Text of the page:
Drug-test case ‘waste’
Regarding “Drug testing law for welfare struck down” (Metro, Jan. 1): Isn’t it ironic that an opposing viewpoint by a conservative governor is regarded as a “waste of taxpayers’ money,” but U.S. District Judge Mary Scriven’s support of drug use and the peril it brings isn’t? Drug screening — and I don’t see her defending A-Rod — for applicants seeking Temporary Assistance for Needy Families is somehow unconstitutional. Isn’t that akin to the abortionist whose only concern is the woman and never the baby?
Judge Scriven defends the drug abuser by means of a narrow and contorted interpretation of our Constitution, but she won’t defend the children (the real victims) or the public whose taxes she uses to support her position. Her logic shows how little accountability is required from the people who demand entitlements at our expense. What standards or means of testing are constitutional, your honor? Gov. Rick Scott promised an appeal; the judge promised it would be a “waste.” I think the only “waste” is Scriven’s salary
So I guess I am officially “old”— something my kids figured out a long time ago. It was reconfirmed, however, on New Year’s Eve as I watched the networks and millions of revelers conduct a forced celebration of the new year. I remember fondly the innocence of good music, dancing and well-mannered celebration brought to us courtesy of the Guy Lombardo New Year’s Eve celebration. I was much younger back then, but always thought the sophisticated black tie event was awesome.
Then came, with all due respect to his legacy, the “Dick Clark’s New Year’s Rockin’ Eve.” Ever since that began, networks have tried harder to outdo each other. That effort reached a new low this year on the Fox Network, as its weather guy was interviewing people on what he called “South Beach.” They supposedly were behind the Fontainebleau hotel. As he kept trying to interview drunken 20-something “adults,” he came upon a very tall and leggy brunette whose witty response was a compilation of four-letter words. Oops.
The family of Mr. Lombardo should speak to the new owners of the Red Rose Inn in Plant City about housing the museum there. The previous owners were of his generation, and it certainly had a similar entertainment theme. Perhaps it would again draw some of my generation and older back to relive the glory days of glitz and true glamour to do some real dancing to some “golden oldies.” Leave the “twerkers” to enjoy MTV, TMZ and whatever the rest of those partiers think is entertainment.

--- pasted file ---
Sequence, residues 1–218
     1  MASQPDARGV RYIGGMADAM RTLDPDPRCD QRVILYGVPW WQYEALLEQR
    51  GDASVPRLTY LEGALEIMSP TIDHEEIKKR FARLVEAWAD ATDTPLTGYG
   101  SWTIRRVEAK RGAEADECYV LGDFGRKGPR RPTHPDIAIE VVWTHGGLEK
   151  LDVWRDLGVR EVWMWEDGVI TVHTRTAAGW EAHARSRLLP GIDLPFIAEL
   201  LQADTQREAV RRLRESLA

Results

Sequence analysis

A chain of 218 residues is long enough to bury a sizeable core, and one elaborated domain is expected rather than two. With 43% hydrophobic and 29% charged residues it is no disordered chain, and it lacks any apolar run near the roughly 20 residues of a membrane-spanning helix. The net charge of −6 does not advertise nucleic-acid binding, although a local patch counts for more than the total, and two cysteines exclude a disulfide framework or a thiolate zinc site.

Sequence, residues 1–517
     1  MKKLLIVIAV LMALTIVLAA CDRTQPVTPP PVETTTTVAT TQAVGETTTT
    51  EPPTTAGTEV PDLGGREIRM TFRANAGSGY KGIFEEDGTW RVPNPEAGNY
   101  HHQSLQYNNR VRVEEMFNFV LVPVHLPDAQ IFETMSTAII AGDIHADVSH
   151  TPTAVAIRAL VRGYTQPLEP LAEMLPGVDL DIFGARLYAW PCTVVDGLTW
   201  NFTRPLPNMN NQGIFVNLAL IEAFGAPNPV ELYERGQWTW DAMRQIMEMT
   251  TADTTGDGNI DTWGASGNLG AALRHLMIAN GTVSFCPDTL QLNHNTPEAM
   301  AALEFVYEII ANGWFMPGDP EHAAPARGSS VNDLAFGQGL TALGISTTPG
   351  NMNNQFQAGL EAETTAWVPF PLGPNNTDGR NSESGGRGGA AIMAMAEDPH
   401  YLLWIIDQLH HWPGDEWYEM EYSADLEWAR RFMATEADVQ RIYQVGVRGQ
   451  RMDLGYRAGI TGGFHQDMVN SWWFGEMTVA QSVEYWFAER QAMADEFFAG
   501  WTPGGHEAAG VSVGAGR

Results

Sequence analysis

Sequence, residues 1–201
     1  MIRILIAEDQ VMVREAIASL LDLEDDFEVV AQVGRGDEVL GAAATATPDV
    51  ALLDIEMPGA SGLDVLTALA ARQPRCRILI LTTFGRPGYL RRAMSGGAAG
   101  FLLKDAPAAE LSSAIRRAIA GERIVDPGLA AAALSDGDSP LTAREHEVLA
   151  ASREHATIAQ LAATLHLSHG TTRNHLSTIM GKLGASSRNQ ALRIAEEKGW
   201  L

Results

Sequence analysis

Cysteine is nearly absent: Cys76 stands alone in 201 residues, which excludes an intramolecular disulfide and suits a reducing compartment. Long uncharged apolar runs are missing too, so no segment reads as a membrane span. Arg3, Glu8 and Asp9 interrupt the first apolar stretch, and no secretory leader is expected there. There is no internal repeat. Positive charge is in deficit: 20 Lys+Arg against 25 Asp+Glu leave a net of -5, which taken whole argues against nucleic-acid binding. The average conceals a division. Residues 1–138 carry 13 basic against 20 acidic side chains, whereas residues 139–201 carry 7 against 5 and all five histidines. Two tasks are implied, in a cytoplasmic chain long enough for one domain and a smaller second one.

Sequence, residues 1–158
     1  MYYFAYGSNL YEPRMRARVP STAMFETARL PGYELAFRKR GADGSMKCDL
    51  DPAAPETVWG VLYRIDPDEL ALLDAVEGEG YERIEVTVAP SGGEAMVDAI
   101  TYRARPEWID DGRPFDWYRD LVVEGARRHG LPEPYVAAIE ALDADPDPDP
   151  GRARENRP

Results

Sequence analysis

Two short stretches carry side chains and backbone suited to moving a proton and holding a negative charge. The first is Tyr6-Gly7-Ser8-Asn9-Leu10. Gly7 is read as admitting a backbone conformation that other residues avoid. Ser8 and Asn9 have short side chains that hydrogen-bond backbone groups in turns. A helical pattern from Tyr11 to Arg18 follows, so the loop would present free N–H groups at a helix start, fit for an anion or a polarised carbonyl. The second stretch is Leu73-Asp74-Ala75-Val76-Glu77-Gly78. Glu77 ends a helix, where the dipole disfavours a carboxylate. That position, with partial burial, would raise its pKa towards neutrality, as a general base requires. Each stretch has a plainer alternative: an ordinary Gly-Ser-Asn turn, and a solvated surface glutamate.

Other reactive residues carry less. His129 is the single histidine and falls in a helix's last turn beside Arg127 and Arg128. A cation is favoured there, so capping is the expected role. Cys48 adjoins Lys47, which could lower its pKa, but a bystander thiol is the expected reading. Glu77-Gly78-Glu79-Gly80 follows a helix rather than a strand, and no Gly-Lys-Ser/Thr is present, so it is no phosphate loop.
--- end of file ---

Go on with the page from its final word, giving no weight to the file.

2014 wish list
New year’s resolutions:
1. Stop borrowing money to send to foreign countries. If they need the money, let them borrow it.
2. If you don’t want to hear a star’s views on things, don’t interview them.
3. If you pass a law, enforce it. If it turns out to be a bad law, repeal it.
4. Better yet, read the law first and make sure you know all the ramifications.
5. Limit welfare. Welfare is like a drug. Given in small doses, it can heal. In large doses it turns people into addicts.
6. Realize that you can’t pass enough laws to keep people from doing stupid and sometimes deadly things. Injuries and deaths from fireworks pale in comparison to what happens when we sell people cars.
7. Realize that democracy is not perfect. Sometimes the majority is wrong.
8. Take time to learn about issues and candidates before the 2014 and 2016 elections.
9. Even if you are not a Christian, try tithing (giving 10 percent of your income) to a charity or charities.
10. Smile more.
Avoid whipping post
As a Marine with service-connected disabilities and a proud member of a longstanding military family, my belief that the benefits for the military must be reviewed and potentially changed may be a bit unsettling to my sisters and brothers in arms. However, this review and potential cut should only be done in unison with the benefit plans of our elected members of Congress and federal civil servants. Why is it fair for those who lead and influence such actions be negated from the process? Have you seen their retirement plan? It is not real world! Look at the total numbers of participants, the requirement of service for vesting and the dollars spent to derive priority. Do not tie the military to the proverbial whipping post. Be fair!